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Posts Tagged ‘ National Botanic Gardens ’

A Brisk Autumn Walk Enjoyed: Sculpture In Context

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On a rather chilly Saturday morning my companion and I ventured forth to our annual, much-anticipated visit to the Sculpture in Context exhibition at the Botanic Gardens in Glasnevin. Unlike previous years, we actually managed to make our way around the entire exhibition and were satisfied that we had seen absolutely everything (except for exhibit number 146 which appeared to be missing). The chilliness of the weather proved to be an important factor in the success of the day’s activities; we achieved this magnificent result because the day was too cold to dawdle around as much as on sunnier visits. Added to that we initiated an unusually organised approach (in other words, we had a plan) to our seasonal cultural activity of sculpture spotting. Continue reading

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Last Chance To See Sculpture In Context This Saturday.

Sculpture in Context

Considered by some “the ‘Jewel in the Crown’ of Northside Dublin” the National Botanic Gardens will open its doors yet again to the Sculpture in Context 2012 for its consecutive 26th year.

The exhibition has been running for the last month and will end this coming Saturday (20th of October 2012)

Sculpture in Context has, over the years staged highly acclaimed visual arts events at venues such as Fernhill Gardens, the Conrad Hotel, Kilmainham Gaol, the Irish Management Institute, Dublin Castle, Farmleigh House and the National Botanic Gardens.

The gardens are not only a quiet oasis on the outskirts of Dublin, they also gives the artist the rare opportunity of realising large scale work in a botanical haven. It also gives the visitor an opportunity to ramble and explore, sometimes finding sculptures in the most unusual places. The sculptures are displayed throughout the gardens, ponds, Great Palm House, and Curvilinear Range, with the smaller works exhibited in the gallery above the visitors’ centre.

Some of the sculptures are highly original. From Michelle Maher’s “Symmetry” flower heads installed on the surface of the water to “Bobbing Apples” by Ayelet Lalor, and the “Migration” coral-like sea creatures by Petrina Shortt, viewers will be able to wander in a maze of creativity. There are sculptures that children will enjoy with the large eyeballs “A good Gawk” by Sandra McCowen and the cuddly “Bears Necessities” sculptures by Liz Walsh and Clodagh Murphy.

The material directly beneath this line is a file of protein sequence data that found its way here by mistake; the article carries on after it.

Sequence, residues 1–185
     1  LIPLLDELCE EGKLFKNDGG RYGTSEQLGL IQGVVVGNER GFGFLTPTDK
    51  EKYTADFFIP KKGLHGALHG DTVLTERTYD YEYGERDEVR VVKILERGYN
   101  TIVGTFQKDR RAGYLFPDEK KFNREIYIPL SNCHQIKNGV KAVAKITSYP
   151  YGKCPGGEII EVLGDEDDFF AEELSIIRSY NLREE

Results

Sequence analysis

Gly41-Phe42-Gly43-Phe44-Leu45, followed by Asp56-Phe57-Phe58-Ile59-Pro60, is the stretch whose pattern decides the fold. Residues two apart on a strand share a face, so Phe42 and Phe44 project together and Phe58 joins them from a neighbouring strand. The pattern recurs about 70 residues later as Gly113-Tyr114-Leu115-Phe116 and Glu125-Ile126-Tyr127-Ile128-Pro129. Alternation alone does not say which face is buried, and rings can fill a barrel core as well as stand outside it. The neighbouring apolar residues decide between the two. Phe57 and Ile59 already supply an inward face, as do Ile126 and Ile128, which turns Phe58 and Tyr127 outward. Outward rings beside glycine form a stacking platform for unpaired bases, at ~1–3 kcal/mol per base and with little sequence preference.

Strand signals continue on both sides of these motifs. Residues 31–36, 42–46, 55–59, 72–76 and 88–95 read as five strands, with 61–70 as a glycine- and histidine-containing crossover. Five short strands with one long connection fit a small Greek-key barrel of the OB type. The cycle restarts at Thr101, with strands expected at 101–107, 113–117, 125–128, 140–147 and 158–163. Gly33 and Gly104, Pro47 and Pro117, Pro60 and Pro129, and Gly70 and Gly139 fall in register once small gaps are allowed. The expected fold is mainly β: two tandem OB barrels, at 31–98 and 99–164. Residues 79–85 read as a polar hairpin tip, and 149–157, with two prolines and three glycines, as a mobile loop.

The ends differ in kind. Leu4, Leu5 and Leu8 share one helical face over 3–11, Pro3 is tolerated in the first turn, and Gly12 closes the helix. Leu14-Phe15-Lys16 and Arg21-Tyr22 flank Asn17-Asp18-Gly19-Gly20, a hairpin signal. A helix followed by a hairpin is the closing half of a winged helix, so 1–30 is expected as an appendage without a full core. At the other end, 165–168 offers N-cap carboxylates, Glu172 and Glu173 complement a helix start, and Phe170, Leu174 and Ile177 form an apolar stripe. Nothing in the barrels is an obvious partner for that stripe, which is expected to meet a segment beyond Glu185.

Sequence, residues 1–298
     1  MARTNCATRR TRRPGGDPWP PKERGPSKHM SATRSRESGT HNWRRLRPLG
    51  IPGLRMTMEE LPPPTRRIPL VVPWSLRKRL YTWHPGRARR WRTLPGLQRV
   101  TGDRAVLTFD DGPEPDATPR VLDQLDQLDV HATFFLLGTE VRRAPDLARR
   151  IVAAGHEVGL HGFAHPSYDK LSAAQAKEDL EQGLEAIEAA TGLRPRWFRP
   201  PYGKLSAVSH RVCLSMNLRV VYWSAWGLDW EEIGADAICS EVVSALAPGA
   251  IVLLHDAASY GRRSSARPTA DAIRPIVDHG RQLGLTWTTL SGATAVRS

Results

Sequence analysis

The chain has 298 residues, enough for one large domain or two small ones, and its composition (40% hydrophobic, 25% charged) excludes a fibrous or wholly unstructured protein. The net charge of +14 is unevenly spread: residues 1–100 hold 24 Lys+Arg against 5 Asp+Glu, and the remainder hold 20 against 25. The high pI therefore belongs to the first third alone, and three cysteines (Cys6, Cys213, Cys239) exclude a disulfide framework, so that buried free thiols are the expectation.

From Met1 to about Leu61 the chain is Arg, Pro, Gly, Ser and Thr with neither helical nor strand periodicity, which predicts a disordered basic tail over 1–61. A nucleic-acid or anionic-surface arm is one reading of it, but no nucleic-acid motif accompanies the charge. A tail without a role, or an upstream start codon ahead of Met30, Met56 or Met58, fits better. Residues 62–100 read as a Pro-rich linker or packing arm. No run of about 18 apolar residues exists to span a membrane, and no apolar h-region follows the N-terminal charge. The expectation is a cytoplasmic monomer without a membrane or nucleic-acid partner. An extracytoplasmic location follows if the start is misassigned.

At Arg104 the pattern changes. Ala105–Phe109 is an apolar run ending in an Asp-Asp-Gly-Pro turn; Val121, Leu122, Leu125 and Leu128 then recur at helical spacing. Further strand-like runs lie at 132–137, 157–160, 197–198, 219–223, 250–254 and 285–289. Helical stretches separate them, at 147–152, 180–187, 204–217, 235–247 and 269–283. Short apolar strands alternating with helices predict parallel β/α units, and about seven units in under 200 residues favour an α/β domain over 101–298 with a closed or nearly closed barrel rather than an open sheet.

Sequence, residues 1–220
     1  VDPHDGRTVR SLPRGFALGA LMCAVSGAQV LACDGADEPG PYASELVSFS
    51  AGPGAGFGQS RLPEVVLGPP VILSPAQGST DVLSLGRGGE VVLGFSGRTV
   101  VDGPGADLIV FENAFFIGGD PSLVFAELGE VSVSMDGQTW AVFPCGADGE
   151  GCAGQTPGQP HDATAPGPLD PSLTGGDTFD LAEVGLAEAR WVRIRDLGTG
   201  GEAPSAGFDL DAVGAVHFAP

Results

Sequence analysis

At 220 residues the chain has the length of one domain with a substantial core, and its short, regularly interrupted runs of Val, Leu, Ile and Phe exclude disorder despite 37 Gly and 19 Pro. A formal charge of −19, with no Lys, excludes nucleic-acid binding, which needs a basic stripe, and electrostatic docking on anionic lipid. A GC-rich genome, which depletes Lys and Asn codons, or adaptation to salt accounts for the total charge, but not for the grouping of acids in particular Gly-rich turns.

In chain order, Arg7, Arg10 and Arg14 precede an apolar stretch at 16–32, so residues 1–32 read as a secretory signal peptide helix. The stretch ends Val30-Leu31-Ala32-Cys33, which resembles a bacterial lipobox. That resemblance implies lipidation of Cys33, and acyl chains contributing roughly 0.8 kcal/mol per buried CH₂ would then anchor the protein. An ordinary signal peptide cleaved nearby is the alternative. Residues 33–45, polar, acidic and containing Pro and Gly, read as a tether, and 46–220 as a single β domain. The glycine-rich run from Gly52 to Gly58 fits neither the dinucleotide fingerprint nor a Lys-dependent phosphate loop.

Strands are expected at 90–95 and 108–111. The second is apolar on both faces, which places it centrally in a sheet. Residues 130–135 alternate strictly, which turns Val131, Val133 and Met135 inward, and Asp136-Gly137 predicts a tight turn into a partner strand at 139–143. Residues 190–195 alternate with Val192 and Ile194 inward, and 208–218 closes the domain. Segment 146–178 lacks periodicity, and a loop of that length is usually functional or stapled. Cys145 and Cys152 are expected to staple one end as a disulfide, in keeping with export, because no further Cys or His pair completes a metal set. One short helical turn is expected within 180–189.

Other participating artists this year include Gavin Friday, Peter Killeen, Cliodna Cussen, Sonja Landweer, Liz Nilsson, Brigitta Seck, Breda Marron, Leo Higgins, Jackie Ball. Claire Halpin and Madeleine Hellier, Peter Koning, Kathleen Standen, Jane Murtagh and many many more.

Where: National Botanic Gardens, Glasnevin, Dublin 9.

When: 6 Sept – 20th of October. Opening Hours: Monday – Friday 9am to 5pm
Saturday & Sunday 10am – 6pm
Admission Free.

Visit my Blog:

http://ripplefar.wordpress.com/art-scene-in-dublin/

A blog about Arts and Photography in Dublin

Day trip to Glasnevin: Dublin’s Necropolis

On a day that promised to be dry, I set off for Glasnevin, planning to divide my time between the National Botanic Gardens and Glasnevin Museum and Cemetery. After a pleasant amble around colourful flowerbeds and glasshouses, I headed up the road to the cemetery, entering via the Prospect Gate, passing appropriately enough a pub called The Gravediggers. The cemetery, opened in 1832 as a cemetery for the burial of people of all religions and none was the result of Daniel O’Connell’s vision and energy. Glasnevin Trust opened the museum in 2010 and aims to tell the story of the past to future generations.

I have visited the cemetery before for a brief stroll, but this time I decided to take advantage of ‘Fiver Friday’, which offers a reduced combined entrance fee to the museum and tour until the end of August. I also noticed a similar offer for Wednesdays (‘Midweek Madness’) during July and August, so I wondered if visitor numbers are perhaps down at present. The usual entrance fee (for museum and cemetery tour) is a stiff-ish €10 for what is arguably a museum of fairly specialist interest and one that would not really suit very young children.

You might also perhaps think it is not an obvious place to go for a summer family day out; being in many respects educational rather than a venue of fun and frivolity. Having said all of that however, I think that any attempt to present the history of the cemetery, as well as the cultural and religious rituals of death to a younger audience is greatly to be welcomed. The museum also has a wonderful opportunity here to tell the stories of at least some of the one million men, women and children buried at Glasnevin. I noticed that the museum caters for school visits and you could see that its interactive displays would reach a younger audience, where traditional displays might not.